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Fun with Turntables: Liberating the Decks By Dancing, Loading Hacks as Records

Here’s a way to change the relationship of dancer and deck: instead of the record “triggering” dancers, the dancers move the record. In “Autistic Turntable,” movement from onlookers gradually moves the platter. The work debuted earlier this year in the Nósomosòn exhibition at Normal at the Universidade da Coruña, España. It’s just one experiment in turntable re-engineering from artist, open source advocate, and electronic composer Servando Barreiro. In BInaer Platten, he modifies the mechanical turntable to instead read binary-encoded records with other audiovisual media. Seen at this year’s Transmediale 12, Servando’s work was some of the most practical to respond …

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jellybeans

Android, High-Performance Audio in 4.1, and What it Means – Plus libpd Goodness, Today

It’s called “Jelly Bean.” But a 4.1 version of Android might also be called, at last, a version of Android musicians will find tasty. (Those last versions were a bit more of the disgusting variety from Bertie Bott’s Every Flavor Beans; this is a bit more Jelly Belly.) Photo (CC-BY-SA) Hermann Kaser. Android devices may, at last, get the kind of sound performance that makes music and audio apps satisfying to use. We’ve suffered through generations of the OS and hardware that were quite the opposite. But material, measurable changes to software, combined with more rigorous standards for hardware makers, …

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Visual Music: SketchSynth Lets You Draw an Interface with Marker and Paper, A Brief Drawn-Music History

Today, I’m in London doing a hands-on workshop on visual metaphors for music, and covering various topics filed under “synesthesia” at Music Tech Fest. It seems appropriate, with the subject matter on the brain, to revisit the topic of visuals and music in a series of posts. When you make hardware, with knobs and faders, you’re constrained by physical space – the amount of room on a circuit board, the radius of a knob cap, the size of your fingers. But before you get there, the first step is to sketch an idea. Imagine if you could do that with …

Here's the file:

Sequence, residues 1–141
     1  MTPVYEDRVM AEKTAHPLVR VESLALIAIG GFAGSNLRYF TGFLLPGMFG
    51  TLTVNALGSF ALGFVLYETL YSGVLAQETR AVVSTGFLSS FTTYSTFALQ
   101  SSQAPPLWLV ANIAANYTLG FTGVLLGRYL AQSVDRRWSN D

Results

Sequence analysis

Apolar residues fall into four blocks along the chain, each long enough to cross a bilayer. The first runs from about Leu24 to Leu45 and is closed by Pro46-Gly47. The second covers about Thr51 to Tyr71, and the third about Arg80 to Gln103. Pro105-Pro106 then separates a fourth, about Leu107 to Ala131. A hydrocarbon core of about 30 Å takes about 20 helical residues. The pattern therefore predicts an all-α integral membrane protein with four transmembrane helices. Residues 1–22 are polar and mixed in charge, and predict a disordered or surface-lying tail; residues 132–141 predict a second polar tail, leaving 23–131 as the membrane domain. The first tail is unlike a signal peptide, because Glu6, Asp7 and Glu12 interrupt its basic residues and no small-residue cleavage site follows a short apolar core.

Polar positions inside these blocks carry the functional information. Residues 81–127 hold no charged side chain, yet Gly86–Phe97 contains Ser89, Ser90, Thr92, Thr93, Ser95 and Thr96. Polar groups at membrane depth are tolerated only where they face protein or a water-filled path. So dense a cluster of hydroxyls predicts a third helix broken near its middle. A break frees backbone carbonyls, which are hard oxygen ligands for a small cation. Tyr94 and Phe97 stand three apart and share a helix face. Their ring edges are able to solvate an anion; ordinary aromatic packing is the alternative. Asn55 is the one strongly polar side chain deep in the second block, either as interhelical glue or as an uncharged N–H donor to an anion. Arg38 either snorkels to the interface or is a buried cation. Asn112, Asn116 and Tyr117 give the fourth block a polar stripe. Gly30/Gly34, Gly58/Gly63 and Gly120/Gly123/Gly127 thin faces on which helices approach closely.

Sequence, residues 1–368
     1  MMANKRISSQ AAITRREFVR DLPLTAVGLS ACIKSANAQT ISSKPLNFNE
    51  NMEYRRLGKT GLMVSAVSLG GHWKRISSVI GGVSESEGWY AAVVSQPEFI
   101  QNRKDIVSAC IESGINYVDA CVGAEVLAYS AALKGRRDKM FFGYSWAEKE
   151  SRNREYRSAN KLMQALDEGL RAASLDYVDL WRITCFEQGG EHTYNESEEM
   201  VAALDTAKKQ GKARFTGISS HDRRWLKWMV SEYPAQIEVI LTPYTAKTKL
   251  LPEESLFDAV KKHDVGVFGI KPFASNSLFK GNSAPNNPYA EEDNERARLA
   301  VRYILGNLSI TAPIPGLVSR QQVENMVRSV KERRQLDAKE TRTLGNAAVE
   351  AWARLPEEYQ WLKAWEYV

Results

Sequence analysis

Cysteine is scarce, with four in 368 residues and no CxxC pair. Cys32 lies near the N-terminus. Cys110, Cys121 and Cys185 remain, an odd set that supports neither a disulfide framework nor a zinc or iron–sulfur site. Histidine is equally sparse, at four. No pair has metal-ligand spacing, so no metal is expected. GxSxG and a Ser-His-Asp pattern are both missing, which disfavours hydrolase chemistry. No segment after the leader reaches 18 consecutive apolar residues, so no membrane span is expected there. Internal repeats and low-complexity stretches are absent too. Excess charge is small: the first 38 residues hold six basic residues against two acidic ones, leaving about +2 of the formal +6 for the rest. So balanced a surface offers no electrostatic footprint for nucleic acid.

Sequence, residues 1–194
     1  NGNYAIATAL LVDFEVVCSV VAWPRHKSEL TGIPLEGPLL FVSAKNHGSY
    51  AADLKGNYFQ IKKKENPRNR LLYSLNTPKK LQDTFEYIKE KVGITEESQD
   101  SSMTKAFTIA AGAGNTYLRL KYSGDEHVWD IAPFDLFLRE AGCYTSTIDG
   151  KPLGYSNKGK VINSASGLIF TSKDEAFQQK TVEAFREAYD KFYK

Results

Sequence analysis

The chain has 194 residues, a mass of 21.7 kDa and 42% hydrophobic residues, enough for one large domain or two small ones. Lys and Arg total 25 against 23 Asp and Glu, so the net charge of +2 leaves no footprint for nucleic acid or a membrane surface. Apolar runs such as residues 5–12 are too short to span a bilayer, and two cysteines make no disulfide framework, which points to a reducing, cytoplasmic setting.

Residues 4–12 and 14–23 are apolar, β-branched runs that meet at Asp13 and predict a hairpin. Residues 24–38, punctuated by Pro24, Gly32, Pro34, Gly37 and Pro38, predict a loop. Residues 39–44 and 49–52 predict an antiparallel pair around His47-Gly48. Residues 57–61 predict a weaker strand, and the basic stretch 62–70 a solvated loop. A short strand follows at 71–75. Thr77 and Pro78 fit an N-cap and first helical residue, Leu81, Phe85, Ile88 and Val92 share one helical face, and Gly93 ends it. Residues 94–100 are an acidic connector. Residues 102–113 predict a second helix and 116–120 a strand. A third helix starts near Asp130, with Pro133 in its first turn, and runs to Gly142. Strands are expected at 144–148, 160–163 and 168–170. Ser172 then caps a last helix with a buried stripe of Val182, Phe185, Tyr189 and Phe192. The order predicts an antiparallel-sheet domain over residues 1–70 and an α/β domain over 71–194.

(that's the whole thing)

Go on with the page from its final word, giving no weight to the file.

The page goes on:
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Music, to Go: The Mobile Music Computer Revolution, BeagleBoard Workshop and Software

Something like this could be the guts of your next digital musical instrument – and it might even mean leaving your laptop at home for the next gig. Photo (CC-BY) Koen Kooi. Mobile computing has already had an enormous impact on music making. A modern phone or tablet (and yes, most often, these come from Apple) is capable of out-performing a lot of dedicated hardware and easily runs the synths and workstations that required state-of-the-art desktops just a decade or so ago. But what if this same computing power – low-energy, low-cost chips – could be in other music gear, …

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Patch Your Own Music Creations, Free: Pd-extended Arrives, Far More Usable

Pure Data is a wonder: a free and open source environment for creating your own musical and multimedia creations with graphical programming, from Miller Puckette, the original creator of Max. You can produce everything from interactive sequencers and drum machines to synths to video performance tools by connecting patch cables visually, and you can run on virtually any platform, from BeagleBoards and Rasberry Pi to Mac, Windows, and Linux desktop. Via libpd, you can target other development languages and environments, embed engines in games, or work with Android and iOS. What hasn’t been so wonderful, of course, is Pd’s graphical …